It is, after all, a matter of power. Who has the power of life, and of death? We say God does, but we do too. People have the power to abduct and strangle, rape and subjugate, hijack and terrorise. We can fly a plane into a building and God either made us do it, or is powerless to prevent us, depending which side you’re on. For those people at the top of the WTC that day, I believe they probably thought the world was coming to an end, or at the very least, they were acutely cognizant of their own imminent and unavoidable demise. Is it a sin to take the power to kill you away from your enemy? Is it a sin to not want to die a victim of someone else’s stupidity, evil or madness? Is it a sin to choose the manner of your death?

We act as if death were avoidable. We act as if the only good death one can have is the unplanned, tragic, victim death, or the prolonged, painful, protracted kind. There is such a thing as a good death. Way before we came to worship the vain and gratuitous sustenance of human life, regardless of how awful that life has become, people died every day and it was perfectly all right, perfectly sad, perfectly awful and perfectly tragic – but it was perfectly natural.

Death is a sanctity. Let’s not pretend that God wrings His hands as we do because we die – He does not – in fact, we who claim to believe God exists must die before we ever realise that elusive Kingdom we prattle on so much about. I like to believe He is saddened by the perpetration of evil and angered by men’s attempts to extinguish each other. But I simply cannot believe that God would reject outright the soul who chooses to impose a semblance of dignity upon their own death, when often the fact they even consider this an option means that dignity was probably utterly unattainable in life.



11 thoughts on “A Semblance Of Dignity

  1. It starts with Augustine, the suicide is sin thing. St. Thomas Aquinas solidified it. However, I am with you I see no biblical support.

    I understand, intimately, the crushing despair that leads to suicide.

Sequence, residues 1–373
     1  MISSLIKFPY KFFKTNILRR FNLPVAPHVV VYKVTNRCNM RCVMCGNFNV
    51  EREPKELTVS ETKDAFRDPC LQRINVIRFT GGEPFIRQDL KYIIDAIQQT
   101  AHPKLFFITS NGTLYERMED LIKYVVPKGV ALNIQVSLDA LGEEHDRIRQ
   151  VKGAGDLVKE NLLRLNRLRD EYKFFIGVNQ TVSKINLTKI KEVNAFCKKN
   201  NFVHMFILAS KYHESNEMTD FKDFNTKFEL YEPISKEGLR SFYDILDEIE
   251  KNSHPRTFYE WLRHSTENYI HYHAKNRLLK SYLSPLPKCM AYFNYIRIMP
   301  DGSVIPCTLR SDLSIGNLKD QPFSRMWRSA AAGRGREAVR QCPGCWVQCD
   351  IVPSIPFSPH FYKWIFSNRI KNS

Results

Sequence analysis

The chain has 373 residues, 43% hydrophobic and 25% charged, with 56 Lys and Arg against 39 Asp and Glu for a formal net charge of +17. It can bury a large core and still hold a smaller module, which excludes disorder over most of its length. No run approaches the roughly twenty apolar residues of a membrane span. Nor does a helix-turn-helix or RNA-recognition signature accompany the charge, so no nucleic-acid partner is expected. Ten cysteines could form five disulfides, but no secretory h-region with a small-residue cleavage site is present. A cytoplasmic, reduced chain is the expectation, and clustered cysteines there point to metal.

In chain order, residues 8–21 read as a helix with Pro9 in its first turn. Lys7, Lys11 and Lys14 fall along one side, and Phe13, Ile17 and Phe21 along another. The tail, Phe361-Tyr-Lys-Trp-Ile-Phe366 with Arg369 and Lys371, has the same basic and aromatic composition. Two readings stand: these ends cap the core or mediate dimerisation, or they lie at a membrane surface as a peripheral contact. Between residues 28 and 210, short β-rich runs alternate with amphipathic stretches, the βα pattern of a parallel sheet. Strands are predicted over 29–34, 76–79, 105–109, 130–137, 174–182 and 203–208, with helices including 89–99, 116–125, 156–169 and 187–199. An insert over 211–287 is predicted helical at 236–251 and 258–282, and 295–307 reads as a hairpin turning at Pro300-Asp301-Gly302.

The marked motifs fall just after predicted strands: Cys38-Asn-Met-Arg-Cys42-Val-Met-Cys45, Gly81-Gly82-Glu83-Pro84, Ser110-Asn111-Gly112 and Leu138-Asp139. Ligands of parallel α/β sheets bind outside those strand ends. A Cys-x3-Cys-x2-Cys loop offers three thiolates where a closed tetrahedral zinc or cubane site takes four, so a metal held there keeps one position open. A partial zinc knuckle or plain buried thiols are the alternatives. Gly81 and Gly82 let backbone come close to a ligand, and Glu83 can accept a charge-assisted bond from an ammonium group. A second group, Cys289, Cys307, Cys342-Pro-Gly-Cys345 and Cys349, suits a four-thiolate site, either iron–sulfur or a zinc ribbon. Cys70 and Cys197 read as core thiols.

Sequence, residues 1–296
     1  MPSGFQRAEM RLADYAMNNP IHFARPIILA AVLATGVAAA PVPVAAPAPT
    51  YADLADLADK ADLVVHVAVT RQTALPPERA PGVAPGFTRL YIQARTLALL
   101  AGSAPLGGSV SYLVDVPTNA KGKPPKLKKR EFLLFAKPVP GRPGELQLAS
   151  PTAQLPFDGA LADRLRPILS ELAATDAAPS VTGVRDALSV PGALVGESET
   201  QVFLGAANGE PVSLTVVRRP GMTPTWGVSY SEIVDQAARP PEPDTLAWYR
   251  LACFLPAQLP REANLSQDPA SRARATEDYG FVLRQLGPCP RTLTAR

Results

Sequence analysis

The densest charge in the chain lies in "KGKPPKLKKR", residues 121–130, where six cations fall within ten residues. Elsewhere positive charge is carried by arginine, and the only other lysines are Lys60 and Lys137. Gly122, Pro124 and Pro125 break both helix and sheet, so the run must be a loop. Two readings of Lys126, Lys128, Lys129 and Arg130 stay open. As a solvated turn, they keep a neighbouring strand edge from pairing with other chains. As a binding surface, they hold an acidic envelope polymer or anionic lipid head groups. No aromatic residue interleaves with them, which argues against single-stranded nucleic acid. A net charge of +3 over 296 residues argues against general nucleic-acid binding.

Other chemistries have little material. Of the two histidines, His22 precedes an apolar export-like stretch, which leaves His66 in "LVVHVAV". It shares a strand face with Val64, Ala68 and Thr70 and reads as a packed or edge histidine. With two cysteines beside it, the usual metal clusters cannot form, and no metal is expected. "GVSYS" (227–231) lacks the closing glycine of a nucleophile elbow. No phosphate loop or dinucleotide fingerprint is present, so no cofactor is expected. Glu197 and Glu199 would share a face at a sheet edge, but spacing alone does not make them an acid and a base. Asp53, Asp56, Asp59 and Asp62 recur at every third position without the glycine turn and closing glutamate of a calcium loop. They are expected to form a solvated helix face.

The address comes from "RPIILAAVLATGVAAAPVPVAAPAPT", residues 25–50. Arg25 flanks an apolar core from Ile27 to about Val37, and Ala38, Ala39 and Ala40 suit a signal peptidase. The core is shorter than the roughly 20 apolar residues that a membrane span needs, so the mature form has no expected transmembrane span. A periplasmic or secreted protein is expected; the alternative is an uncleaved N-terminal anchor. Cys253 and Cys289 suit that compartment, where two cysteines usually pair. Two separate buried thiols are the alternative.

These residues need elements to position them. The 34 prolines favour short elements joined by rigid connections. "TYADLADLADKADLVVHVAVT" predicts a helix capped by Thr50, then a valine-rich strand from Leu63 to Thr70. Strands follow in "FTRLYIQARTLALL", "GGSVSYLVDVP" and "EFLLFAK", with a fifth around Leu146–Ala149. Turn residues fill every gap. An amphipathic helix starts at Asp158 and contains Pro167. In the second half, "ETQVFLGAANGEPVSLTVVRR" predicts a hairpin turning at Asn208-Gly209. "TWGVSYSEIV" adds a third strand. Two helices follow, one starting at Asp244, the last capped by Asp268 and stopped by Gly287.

As far as the 9.11 victims jumping to their deaths rather than suffering the agony of burning to death, I’m not sure that that is actually suicide. I think when death is imminent and certain choosing one way over the other is not suicide per se.

  2. I too can not fathom a loving God turning away any believer who committed suicide. Obviously, to do so would mean that life for one reason or another had become unbearable. One can often wish to be with the LORD and who are we to know whether that “spiritual homesickness”
    that drove one into self extinction was not finally having the strength to make that transition? It takes guts to launch into the unknown. One’s faith must be fully expecting either that redemption we are promised or total extinguishing of all consciousness. Moreover, a leap from burning to death into the unknown would be preferable to burning to death in a tormenting flame. I believe all Christ’s followers who leaped to their death would be embraced in Glory by a compassionate God. Very thought provoking and very sobering. Blessings. Glenys

  3. Jo,

    I’m not sure I can agree with you that suicide (generally) is not sinful. Yes, there is the commandment in Ex. But there’s also the doctrine that we are all image bearers of God and therefore have responsibility for moral, spiritual, and physical self care.